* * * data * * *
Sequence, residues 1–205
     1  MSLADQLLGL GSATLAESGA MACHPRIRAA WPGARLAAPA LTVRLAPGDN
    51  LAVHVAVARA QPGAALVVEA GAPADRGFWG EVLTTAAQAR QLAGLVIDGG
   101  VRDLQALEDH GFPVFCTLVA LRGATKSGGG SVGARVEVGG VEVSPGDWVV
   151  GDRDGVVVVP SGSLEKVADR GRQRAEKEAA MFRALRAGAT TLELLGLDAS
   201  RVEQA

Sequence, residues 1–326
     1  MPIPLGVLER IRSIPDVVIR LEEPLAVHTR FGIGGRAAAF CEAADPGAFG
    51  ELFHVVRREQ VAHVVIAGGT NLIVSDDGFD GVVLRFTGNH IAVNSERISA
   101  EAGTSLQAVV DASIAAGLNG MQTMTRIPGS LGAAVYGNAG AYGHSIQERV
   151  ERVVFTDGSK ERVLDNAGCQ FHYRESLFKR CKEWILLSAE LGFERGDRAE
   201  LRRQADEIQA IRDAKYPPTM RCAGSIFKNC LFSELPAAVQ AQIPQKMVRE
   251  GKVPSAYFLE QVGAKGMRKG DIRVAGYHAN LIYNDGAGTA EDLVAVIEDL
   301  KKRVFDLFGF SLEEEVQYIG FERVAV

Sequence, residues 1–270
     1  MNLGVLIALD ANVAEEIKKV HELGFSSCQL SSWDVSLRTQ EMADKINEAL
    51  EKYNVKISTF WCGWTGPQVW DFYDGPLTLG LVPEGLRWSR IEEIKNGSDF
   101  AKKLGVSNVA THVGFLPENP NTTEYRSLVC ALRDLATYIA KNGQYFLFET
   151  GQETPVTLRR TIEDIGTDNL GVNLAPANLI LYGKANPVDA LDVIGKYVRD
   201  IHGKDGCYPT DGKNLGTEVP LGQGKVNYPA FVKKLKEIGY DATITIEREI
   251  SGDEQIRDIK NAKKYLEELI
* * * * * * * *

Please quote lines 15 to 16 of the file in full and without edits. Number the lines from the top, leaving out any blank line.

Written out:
Sequence, residues 1–270
     1  MNLGVLIALD ANVAEEIKKV HELGFSSCQL SSWDVSLRTQ EMADKINEAL